The debut meeting, which took place in 1927, months after England's first dog track opened at Belle Vue in Manchester, attracted 50,000 people as dog racing quickly became a popular addition to the stadium's sporting calendar - as well as Wembley's main source of regular income.
So reliant on the finances that racing generated, Elvin even refused to cancel a meet during the 1966 World Cup - leaving France and Uruguay to play ball at nearby White City.
However, it would not last and the final meet was held in 1998, ending 71 years of greyhound racing at England's national stadium.
In 1963, Wembley's foundations were shook to its very core as Muhammad Ali - or, as he was known back then, Cassius Clay - was sent crashing to the canvas by a steaming left-hook from Henry Cooper.
It was not just a punch that shook the world but, as Clay stated post-fight, more a punch that was "felt by my ancestors in Africa."
More than 40,000 people packed Wembley to witness Cooper unleash 'Enry's 'Ammer on Clay during a fascinating fourth round. The punch had Clay in so much trouble that Cooper thought he had won. After the fight, Cooper revealed both of Clay's eyes had rolled into the back of his head.
But, luckily for Clay, the bell rang as he lay against the ropes in his scarlet trunks. Angelo Dundee guided him back to his corner, reportedly revived him with smelling salts and even alerted the referee that Clay had cut his gloves and needed a change - all in an attempt to delay the start of the fifth round and the inevitable Cooper onslaught.
Clay recovered, before landing a fearsome right hand on the Brit, which opened a severe cut on his eye. The referee stopped the fight and Clay was awarded the win. But, minutes earlier, his eyes had told a different story as an entire world held its breath.
Wembley was host to the World Wrestling Federation's first ever pay-per-view event to be held outside of North America when SummerSlam came to town in August 1992.
In the main event, 'British Bulldog' Davey Boy Smith pinned real-life brother-in-law Bret 'Hitman' Hart to win the Intercontinental Championship.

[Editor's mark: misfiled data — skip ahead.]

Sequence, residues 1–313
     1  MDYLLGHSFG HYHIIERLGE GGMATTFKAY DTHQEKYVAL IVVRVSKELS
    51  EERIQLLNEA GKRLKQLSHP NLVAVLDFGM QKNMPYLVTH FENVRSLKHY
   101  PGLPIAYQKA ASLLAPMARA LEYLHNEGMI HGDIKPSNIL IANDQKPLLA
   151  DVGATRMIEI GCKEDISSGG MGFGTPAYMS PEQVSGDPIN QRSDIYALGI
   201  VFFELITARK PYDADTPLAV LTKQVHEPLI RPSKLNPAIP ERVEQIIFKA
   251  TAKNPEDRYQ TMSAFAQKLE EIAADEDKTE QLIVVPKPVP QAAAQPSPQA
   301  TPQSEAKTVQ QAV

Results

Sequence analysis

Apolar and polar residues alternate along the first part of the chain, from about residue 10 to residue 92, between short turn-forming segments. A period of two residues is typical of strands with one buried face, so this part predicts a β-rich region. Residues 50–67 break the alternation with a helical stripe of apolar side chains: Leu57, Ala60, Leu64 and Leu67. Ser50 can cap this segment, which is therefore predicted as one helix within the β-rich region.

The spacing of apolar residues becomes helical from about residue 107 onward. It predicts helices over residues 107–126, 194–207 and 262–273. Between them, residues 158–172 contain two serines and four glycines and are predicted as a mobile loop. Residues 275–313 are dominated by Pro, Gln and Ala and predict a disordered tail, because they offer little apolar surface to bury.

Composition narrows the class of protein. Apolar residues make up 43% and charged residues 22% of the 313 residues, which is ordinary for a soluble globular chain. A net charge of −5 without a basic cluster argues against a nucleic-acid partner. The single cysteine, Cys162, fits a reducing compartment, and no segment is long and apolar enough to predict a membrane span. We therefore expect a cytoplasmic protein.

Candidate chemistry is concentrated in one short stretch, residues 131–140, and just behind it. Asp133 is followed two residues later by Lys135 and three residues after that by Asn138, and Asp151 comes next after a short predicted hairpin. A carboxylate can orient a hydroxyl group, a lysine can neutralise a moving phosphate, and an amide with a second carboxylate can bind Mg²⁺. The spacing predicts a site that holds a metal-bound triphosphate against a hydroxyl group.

SummerSlam '92 was originally scheduled to take place in Washington DC, but WWF wanted to capitalise on their growing popularity in Britain - the reason Smith was chosen to win the title.
The 80,355 crammed into the Home of Football was the third largest attendance in the WWF's history.
2. Olympic Games
When London hosted The Greatest Show on Earth in 1948, long before the Olympic Stadium, Wembley held a number of events, including the opening and closing ceremonies, athletics, show-jumping and the final of the hockey.
Dutch mother-of-two Francina Blankers-Koen, then 30, stole the show, winning four gold medals in the 100m, 200m, 80m hurdles and the 4x100m relay - earning her the nickname 'the Flying Housewife'.
Elsewhere, 17-year-old decathlete Bob Mathias became the youngest gold medallist in a track-and-field event - a record he still holds to this day.
1. Ski Jumping
If you're tasked with organising a ski jumping event, the obvious choice would, of course, be Wembley Stadium. In August.
But, one hot summer's day in 1961, workmen set about building a 45 metre-high jump and crushing 50 tonnes of ice into "snow" to cover it.
The event, a fundraiser for British Skiing, attracted competitors from Norway, Sweden, Switzerland, Finland and Germany and was won with a jump of 113 feet (34.5m) by Finn Veikko Kankkonen, who went on to win gold at the 1964 Olympics.